Jake Adelstein

From Wikipedia, the free encyclopedia

Jake Adelstein
BornJoshua Lawrence Adelstein
(1969-03-28) March 28, 1969 (age 54)
Columbia, Missouri, U.S.
OccupationInvestigative journalist, writer, editor, blogger
GenreTrue crime, non-fiction, journalism
Notable worksTokyo Vice: An American Reporter on the Police Beat in Japan

Joshua Lawrence “Jake” Adelstein (born March 28, 1969) is an American[1] journalist, crime writer, and blogger who has spent most of his career in Japan. He is the author of Tokyo Vice: An American Reporter on the Police Beat in Japan, which inspired HBO Max's 2022 television series of the same name, starring Ansel Elgort as Adelstein.


Adelstein grew up in Columbia, Missouri and graduated from Rock Bridge High School.[2] As a teenager he volunteered at KOPN and co-hosted a punk music program on the air. He moved to Japan at age 19 to study Japanese literature at Sophia University.[3] In 1993, Adelstein became the first non-Japanese staff writer at the Yomiuri Shimbun newspaper, where he worked for 12 years.[4]

After leaving the Yomiuri, Adelstein published an exposé of how an alleged crime boss, Tadamasa Goto, made a deal with the FBI to gain entry to the United States for a liver transplant at the University of California Los Angeles (UCLA). In 2009, Adelstein published a memoir about his career as a reporter in Japan, Tokyo Vice, in which he accused Goto of threatening to kill him over the story.[5] There have been many doubts about the veracity of the tales described in the memoir.[6]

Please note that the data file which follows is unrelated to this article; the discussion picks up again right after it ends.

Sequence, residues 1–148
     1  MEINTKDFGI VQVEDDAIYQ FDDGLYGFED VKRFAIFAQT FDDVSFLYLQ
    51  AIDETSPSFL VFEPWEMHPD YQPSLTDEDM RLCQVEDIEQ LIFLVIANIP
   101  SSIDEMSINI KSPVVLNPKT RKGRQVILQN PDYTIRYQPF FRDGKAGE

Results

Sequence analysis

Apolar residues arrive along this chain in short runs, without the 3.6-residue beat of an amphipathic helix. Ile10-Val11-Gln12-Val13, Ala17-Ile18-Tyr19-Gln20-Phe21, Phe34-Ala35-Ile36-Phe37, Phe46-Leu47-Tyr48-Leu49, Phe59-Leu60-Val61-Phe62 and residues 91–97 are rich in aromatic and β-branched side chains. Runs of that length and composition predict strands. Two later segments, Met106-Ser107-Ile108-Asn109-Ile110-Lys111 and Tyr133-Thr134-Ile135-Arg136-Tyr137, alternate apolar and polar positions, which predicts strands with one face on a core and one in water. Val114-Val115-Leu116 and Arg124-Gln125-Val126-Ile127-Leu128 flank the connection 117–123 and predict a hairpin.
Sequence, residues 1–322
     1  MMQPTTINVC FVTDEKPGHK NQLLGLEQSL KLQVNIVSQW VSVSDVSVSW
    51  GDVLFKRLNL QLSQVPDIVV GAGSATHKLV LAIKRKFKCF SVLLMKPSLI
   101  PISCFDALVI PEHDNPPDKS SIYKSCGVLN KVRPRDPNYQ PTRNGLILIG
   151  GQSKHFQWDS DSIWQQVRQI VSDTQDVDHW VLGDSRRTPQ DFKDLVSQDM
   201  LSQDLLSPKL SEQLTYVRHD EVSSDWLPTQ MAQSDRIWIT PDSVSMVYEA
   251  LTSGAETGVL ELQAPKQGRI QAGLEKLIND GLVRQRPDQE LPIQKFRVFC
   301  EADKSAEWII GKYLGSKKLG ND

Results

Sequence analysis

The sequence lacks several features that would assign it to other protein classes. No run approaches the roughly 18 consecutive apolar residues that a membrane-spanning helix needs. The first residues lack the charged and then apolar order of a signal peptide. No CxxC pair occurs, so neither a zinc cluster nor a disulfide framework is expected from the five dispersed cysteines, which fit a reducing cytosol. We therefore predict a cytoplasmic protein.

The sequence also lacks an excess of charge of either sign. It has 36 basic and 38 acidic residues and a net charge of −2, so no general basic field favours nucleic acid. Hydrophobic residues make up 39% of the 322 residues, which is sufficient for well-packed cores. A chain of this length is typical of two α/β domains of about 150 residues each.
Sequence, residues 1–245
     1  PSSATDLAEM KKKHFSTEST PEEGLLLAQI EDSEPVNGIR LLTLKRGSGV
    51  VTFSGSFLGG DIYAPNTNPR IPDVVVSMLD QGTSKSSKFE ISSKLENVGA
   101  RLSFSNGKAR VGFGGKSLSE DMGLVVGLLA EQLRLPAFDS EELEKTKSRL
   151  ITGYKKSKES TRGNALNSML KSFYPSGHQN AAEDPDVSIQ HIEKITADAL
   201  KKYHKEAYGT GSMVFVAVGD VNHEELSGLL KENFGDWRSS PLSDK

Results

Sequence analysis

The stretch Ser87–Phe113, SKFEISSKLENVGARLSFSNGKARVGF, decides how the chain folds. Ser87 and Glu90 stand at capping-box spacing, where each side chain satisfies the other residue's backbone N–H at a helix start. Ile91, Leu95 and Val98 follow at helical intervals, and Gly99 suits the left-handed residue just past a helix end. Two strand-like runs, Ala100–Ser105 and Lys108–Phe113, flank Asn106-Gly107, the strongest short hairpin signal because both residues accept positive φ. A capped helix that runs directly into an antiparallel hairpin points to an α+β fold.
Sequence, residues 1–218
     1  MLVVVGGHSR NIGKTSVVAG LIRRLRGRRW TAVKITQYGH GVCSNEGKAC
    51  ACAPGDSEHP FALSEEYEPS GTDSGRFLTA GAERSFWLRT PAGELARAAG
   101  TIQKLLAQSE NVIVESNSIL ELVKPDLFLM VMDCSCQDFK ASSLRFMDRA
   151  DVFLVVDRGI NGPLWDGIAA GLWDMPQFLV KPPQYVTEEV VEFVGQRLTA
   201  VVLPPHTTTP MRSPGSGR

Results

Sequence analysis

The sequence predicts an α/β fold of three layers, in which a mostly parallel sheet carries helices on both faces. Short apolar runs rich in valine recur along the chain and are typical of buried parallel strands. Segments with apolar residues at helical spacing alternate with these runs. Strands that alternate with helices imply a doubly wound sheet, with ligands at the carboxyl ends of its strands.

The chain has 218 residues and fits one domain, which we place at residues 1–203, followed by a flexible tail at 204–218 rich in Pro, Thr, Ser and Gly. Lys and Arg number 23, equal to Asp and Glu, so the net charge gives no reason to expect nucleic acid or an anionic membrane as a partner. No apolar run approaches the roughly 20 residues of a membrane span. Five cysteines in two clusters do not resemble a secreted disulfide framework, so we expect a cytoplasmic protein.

Adelstein was subsequently a reporter for a United States Department of State investigation into human trafficking in Japan, and now writes for the Daily Beast, Vice News, The Japan Times and other publications. He is a board member and advisor to the Lighthouse: Center for Human Trafficking Victims (formerly Polaris Project Japan).

On April 19, 2011, Adelstein filed a lawsuit against National Geographic Television, which had hired him to help make a documentary about the yakuza, citing ethical problems with their behavior in Japan.[7][8] However, the court dismissed the case with prejudice, meaning the plaintiff is barred from bringing that claim in another court.[9]


  • Tokyo Vice: An American Reporter on the Police Beat in Japan. New York City: Pantheon Books. 2009. ISBN 978-0-307-37879-8. OCLC 699874898.
  • The Last Yakuza: A Life in the Japanese Underworld. New York City: Pantheon Books. 2016.
  • Pay the Devil in Bitcoin: The Creation of a Cryptocurrency and How Half a Billion Dollars of It Vanished from Japan. New York City: Pantheon Books. 2017.


Further reading[edit]

External links[edit]